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Fear of falling, injury common for older adults

December 29, 2003|by KATE COLEMAN

katec@herald-mail.com

You might remember the plaintive cry of "Mrs. Fletcher" - "I've fallen and I can't get up" - in the 1990 television commercial for a medical service designed to summon emergency assistance by pushing a button on a wearable radio badge.

In the dramatized scene, the fictional senior citizen had fallen in her bathroom.

The line became part of popular culture - printed on T-shirts, and as the source of a big laugh for late-night television host Jay Leno when he returned to "The Tonight Show" on crutches after a motorcycle accident in 1991, according to Wikipedia, a free encyclopedia online at en.wikipedia.org.

There's nothing funny about falling - especially if you're a senior citizen.

It happens frequently - and with some dire outcomes. According to information on the Web site of the Centers for Disease Control and Prevention's National Center for Injury Prevention and Control at www.cdc.gov/ncipc/fact

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-- Each year, more than one-third of adults ages 65 years and older fall.

-- Falls are the leading cause of injury-related deaths and the most common cause of nonfatal injuries and hospital admissions for trauma among older adults.

-- More than 1.6 million seniors were treated in emergency departments for fall-related injuries, and 373,000 were hospitalized in 2001.

-- The chance that a fall will cause a severe injury requiring hospitalization greatly increases with age.

Ita Kavanagh is a registered nurse who works with the Washington County Commission on Aging's medication management program. Her duties include presenting information about preventing falls to senior citizens when they gather at the county's seven nutrition sites.

"A lot of people fall," Kavanagh says.

Fear of falling is the No. 1 fear among seniors, she adds. Although its effects might not be as dramatic as a broken bone, that fear can have an impact on a person's life. Afraid to venture from home, an older person becomes isolated. Socialization decreases, Kavanagh says.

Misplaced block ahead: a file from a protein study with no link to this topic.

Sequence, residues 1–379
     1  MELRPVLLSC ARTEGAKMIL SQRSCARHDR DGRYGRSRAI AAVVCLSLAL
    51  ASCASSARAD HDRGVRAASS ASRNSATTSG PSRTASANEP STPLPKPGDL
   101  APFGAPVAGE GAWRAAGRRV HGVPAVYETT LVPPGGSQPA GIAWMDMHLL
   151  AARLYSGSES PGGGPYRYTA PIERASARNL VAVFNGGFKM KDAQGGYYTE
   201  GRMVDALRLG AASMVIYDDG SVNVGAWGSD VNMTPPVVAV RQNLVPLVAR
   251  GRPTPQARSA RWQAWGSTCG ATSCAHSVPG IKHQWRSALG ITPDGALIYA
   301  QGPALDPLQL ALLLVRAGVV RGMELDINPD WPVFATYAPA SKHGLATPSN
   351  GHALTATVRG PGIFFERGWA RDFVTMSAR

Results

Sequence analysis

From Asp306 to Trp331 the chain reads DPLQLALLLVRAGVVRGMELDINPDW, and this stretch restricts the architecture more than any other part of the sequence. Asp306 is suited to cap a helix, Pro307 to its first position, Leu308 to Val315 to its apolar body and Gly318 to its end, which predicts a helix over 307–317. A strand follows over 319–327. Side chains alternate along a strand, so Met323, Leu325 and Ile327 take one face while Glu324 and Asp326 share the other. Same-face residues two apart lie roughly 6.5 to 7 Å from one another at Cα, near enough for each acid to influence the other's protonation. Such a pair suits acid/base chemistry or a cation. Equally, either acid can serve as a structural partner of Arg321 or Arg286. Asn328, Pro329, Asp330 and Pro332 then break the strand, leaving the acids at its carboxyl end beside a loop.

Several factors - strength, balance, vision and physical problems - increase seniors' risk of falling. They need to be evaluated regularly.

Exercise is important to maintain strength, flexibility and a sense of balance and coordination, Kavanagh says.

The National Institutes of Health's National Institute on Aging is a source of information about exercise online at www.nia.nih.gov/exercisebook. Publications may be ordered by calling 1-800-222-2225.

Medications - for pain, sleeping, blood pressure - are part of the problem, Kavanagh says.

It's important to review medications, she adds.

Paying attention to details can help to prevent falls.

-- Sturdy shoes are good, and Kavanagh says that thin soles permit the wearer to feel an uneven floor surface.

-- Keep the bed against a wall.

-- Keep phone and television remote control near the bed.

-- Clear house of clutter.

-- Investigate helpful aides, such as anti-tipping devices on wheelchairs and properly fitting canes.




Reduce dangers of falling at home



Ita Kavanagh shares an elder home safety checklist during programs she presents at Washington County Commission on Aging's seven nutrition sites.

Falls are most common in three areas of the home - stairs, kitchen and bathroom.

Safety precautions include:

-- Adequate lighting - especially in closets, basement, stairs. One hundred-watt bulbs are recommended.

-- Use night lights in halls between bedroom and bathroom.

-- Rugs, banisters and doorways should be darker than or contrast with walls.

-- Mark the edge of steps with a piece of yellow, orange or red tape.

-- Mark sharp corners with bright reflector tape.

-- Use waterproof tape to outline edge and bottom of bathtub.

-- Place decals on large glass doors.

-- Blinds, sheer curtains, matte finishes on floors and furniture can prevent glare.

-- Remove clutter - extension cords, frayed throw rugs and rugs that slip.

-- Store frequently used objects in easy-to-reach cabinets.

-- Mount grab bars into studs in walls around tub and toilet.

-- If necessary, install a raised toilet seat and use a shower seat and hand-held shower.

-- Carpet bathrooms to prevent slipping.

-- Fix or remove uneven ground, cracked pavement, fallen tree branches, thorny bushes.

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